Google Penguin looks to identify websites who are ranking due to links that violate Google's terms. These could be:
Penguin simply says "now that I understand those links are spammy I will remove their value and move your website to the place in the rankings where it would be if those links did not exist".
In other words there is no penalty.
This is to make sure negative SEO (such as competitors buying spammy links and pointing them to your site) has no effect.
If you have seen a sudden drop in visitor numbers then it is easy to assume your site must have been hit by a Google Penguin update. This is however, not always the case.
To start with carry out these initial checks:
It is important to do both of the above as it is possible to have been hit by both Penguin and a manual penalty at the same time.
It is not uncommon for a website to take a hit on a Penguin rollout date but not actually be hit directly. I call this the Penguin red herring.
This occurs when a website relies on a small number of inbound links from other sites and one or more of those sites has been hit by Penguin. That means those websites have lost their rankings, and standing, with Google and so any link juice they were passing on to your site has now been lost.
If you have no warning messages in your Google Webmaster Tools and your site does rely on a small number of links do not forget to consider this as a possibility as it will affect how you handle the situation.
Here is a good example of something that looked like a Penguin hit.
This is a shot of a Google Analytics page showing a sudden slump in visitor numbers around May 22nd and 23rd of 2013. Checking this against the record held by moz.org we do indeed see that Penguin 2.0 was released on May 22nd.
However in reality it turned out that this particular site was not hit by Penguin. The site was actually relying on 6 backlinks for its rankings and it was two of these sites which were actually hit.
In this instance the correct action to take was to look for some proper high quality links that could replace those that were lost. The incorrect action would be to waste time with removing links or using the disavow tool.
Google Penguin does make some people think that all they need to do to bring a competitor's site down is to purchase large numbers of spammy links and point them at their competitor's site.
Not that simple.
To understand why this is so you need to understand how Penguin is applied.
All Penguin does is realise there are a number of links which have no value, withdraw any rankings value it had given your site because of these links and move you to the correct place in the index/search results. It is a natural re-adjustment now that Google understands your link profile was not all it seemed to be.
So if a competitor had been buying spammy links and pointing them at your site you may have benefited for a short while but that time is now over. If it was you who were buying the spammy links that is now money wasted.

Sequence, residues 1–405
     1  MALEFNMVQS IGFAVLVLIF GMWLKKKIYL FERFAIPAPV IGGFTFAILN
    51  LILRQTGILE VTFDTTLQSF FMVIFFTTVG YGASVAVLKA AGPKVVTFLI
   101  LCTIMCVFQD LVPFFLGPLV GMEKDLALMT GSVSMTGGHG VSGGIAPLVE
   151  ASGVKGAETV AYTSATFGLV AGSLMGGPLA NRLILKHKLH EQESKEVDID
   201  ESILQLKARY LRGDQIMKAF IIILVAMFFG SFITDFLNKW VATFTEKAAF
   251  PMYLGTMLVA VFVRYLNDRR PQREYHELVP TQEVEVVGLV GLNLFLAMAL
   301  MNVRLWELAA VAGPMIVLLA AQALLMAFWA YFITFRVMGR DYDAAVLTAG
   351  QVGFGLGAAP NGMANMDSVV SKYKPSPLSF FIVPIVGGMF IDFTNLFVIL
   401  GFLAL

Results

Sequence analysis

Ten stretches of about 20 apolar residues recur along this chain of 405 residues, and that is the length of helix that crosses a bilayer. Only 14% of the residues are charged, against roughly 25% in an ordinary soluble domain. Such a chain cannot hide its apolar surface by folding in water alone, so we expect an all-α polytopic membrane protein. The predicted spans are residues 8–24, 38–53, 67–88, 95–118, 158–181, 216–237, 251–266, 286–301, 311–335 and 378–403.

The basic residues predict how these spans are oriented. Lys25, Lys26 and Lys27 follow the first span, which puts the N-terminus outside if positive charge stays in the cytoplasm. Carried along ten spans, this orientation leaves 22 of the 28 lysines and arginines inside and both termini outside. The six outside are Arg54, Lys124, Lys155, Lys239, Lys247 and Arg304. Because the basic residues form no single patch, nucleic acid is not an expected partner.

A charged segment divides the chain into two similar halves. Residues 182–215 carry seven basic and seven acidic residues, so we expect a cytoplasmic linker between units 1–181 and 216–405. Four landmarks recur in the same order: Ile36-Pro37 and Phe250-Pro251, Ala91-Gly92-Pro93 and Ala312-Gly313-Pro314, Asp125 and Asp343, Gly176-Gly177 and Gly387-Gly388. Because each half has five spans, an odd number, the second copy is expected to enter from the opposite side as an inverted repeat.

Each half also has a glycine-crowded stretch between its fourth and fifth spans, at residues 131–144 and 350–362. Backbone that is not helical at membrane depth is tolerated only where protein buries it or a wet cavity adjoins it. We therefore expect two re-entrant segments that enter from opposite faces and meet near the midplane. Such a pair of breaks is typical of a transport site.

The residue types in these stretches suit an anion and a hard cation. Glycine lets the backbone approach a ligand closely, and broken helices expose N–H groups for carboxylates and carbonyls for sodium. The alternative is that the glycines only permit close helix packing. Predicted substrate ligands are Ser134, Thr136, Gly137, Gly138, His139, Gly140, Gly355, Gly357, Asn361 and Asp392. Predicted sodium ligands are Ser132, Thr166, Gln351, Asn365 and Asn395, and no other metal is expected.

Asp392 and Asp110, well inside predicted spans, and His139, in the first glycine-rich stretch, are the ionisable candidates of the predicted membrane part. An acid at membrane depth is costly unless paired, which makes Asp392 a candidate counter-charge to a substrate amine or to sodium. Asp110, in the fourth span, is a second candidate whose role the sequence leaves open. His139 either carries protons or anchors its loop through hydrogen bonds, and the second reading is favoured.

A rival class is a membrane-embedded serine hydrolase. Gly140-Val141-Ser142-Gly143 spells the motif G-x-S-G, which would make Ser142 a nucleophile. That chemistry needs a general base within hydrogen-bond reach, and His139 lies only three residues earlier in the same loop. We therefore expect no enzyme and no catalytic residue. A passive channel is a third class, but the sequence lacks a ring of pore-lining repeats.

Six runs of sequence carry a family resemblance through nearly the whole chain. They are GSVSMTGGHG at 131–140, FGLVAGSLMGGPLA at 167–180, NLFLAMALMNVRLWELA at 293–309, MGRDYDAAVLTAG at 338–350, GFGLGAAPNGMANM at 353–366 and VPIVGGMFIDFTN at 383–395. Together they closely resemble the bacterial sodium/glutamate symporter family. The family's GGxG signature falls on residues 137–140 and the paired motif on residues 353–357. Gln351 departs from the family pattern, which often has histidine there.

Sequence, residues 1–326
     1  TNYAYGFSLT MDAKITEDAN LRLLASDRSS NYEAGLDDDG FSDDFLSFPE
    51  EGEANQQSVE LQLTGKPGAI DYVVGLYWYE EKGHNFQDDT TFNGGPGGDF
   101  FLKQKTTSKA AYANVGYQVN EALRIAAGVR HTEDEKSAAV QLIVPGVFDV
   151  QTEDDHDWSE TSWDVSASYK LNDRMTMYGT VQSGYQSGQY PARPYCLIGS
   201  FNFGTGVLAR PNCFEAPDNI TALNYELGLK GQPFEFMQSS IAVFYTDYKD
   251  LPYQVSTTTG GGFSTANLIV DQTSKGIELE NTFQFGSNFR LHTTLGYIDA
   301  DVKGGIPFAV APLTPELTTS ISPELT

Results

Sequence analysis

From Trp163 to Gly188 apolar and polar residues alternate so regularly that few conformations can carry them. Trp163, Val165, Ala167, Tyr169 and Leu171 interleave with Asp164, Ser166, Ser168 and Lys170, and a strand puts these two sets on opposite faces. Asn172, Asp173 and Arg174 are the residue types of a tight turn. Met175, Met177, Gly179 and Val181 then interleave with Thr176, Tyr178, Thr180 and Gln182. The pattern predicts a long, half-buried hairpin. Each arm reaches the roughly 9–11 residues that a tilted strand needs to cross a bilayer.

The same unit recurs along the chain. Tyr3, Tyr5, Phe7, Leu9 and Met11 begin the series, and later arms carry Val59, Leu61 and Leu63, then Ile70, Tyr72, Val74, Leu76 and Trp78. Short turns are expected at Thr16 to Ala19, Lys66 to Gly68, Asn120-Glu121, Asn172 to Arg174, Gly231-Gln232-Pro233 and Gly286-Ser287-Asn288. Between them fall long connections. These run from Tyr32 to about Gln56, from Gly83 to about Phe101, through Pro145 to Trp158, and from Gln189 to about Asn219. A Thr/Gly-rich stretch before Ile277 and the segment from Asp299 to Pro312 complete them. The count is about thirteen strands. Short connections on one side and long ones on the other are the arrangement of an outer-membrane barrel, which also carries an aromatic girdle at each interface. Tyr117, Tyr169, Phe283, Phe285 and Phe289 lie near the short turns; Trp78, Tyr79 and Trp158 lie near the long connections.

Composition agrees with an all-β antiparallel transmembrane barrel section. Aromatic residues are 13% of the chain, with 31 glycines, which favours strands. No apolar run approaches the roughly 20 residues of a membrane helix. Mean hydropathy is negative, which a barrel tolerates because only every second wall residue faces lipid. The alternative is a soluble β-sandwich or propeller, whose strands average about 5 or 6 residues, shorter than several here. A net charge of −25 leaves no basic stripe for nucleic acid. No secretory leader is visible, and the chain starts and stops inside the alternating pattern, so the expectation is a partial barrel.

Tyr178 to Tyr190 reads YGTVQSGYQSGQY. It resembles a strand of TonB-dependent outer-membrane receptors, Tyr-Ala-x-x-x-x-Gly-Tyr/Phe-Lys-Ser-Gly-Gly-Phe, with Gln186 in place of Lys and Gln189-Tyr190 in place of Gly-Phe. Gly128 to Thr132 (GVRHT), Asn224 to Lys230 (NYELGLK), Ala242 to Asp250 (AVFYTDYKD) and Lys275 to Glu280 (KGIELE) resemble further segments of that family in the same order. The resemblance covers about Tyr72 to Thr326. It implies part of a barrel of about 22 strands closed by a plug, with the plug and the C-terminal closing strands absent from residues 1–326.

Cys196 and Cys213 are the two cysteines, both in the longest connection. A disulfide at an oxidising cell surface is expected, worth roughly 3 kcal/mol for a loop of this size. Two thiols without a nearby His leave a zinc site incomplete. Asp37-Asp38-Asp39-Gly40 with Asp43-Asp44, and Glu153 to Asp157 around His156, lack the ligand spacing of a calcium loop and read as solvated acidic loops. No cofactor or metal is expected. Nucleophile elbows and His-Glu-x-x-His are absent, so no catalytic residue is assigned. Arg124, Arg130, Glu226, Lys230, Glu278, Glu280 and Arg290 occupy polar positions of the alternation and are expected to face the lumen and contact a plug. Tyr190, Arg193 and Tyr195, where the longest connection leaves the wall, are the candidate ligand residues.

So long as there are no manual penalties being applied then any recovery is simply the same as any "new" website - in other words you just need good quality links to get good rankings.
You do not need to disavow the spammy links or try to get them removed or submit reconsideration requests to Google. In fact to do so may only flag your site up and lead to a manual penalty before you have time to get a good quality backlink profile in place.
How you go about creating that stronger back link profile is the key and of course the most common advice is to have a website/content that people will actually want to link to (and thus save you the effort of link building).
But if you are working in a very competitive environment you may want to speed this process up via everything from guest blogging to getting your brand featured/quoted in well known publications or on highly respected websites.
Of course if you were behind the spammy links, or a SEO company you hired was, then you remain in danger of a manual action (a real penalty) from Google.
In this case you should work through and remove the links before they are spotted in a manual review. Do not use the disavow tool until:
The above is vital because many webmasters actually end up reporting themselves to Google and receiving a manual penalty because they called attention to their situation via the disavow tool!
One hundred, one thousand or one hundred thousand spammy links cannot bring a site down when it comes to Penguin. Penguin doesn't push websites down (only Manual Actions do).
This is why many in the spamming and bulk link selling business call their products "Penguin Proof". They will sell you links that Penguin will then identify as useless and ignore but it won't penalise you.
As such you can't really Penguin proof a site, you just need to get on with clean SEO...!
I'm Tim Hill, a Search Engine Optimisation and Online Marketing specialist. I created this site to help others understand that SEO is not a mysterious black art!.
If your a newbie try the Getting Started in SEO page, otherwise feel free to dig around and learn more.